The latest Rasmussen Reports national telephone survey of Likely Voters shows that 45% trust Republicans more when it comes to handling economic issues, while 35% put more trust in Democrats. Nineteen percent (19%) are undecided.
The gap was the closest in years in May when the GOP held just a 46% to 42% lead on the economy, which voters have consistently regarded as the most important of 10 issues regularly tracked by Rasmussen Reports.
Voters now trust Republicans more than Democrats on nine of those 10 issues. In May, Republicans led on just six issues after being trusted more on all 10 in early January. Two years ago Democrats were trusted more than Republicans on most issues.
Health care, which voters rank second behind the economy in terms of importance, is an issue the GOP holds a tight 46% to 43% advantage on. Before President Obama was elected, Democrats had a huge advantage on this issue. During Election 2010, the advantage switched to the GOP.
Taxes are a big part of the debt ceiling debate, and voters trust Republicans more than Democrats by a 46% to 40% margin on that issue.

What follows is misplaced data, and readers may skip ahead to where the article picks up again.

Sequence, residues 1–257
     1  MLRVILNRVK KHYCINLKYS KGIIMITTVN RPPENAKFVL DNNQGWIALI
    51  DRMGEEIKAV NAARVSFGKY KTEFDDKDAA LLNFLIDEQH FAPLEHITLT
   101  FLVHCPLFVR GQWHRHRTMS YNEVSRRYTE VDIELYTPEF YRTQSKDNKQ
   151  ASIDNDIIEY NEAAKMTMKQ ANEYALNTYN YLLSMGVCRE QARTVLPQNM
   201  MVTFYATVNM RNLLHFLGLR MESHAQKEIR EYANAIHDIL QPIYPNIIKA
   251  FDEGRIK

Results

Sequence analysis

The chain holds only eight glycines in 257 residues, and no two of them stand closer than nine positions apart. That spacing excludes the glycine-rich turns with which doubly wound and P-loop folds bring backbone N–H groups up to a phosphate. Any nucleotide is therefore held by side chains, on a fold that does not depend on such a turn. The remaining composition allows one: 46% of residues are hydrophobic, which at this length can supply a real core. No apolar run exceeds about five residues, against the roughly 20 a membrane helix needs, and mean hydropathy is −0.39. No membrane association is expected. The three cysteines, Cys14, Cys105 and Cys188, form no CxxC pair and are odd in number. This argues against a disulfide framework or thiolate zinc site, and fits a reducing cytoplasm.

The one issue Democrats do hold an advantage in trust on is education, 42% to 38%. Nineteen percent (19%) aren’t sure which party they trust more, however.
The parties are nearly tied on the issue of Social Security, with Republicans holding a statistically insignificant 42% to 40% lead. In May, Democrats barely edged the GOP on this issue.
Republicans hold a slight 38% to 35% edge in the area of government ethics and corruption, a reversal from the modest lead Democrats held in May. But 27% of voters don’t know who to trust more on this issue.
On immigration, Republicans hold a sizable 47% to 33% advantage, with 21% of voters are undecided.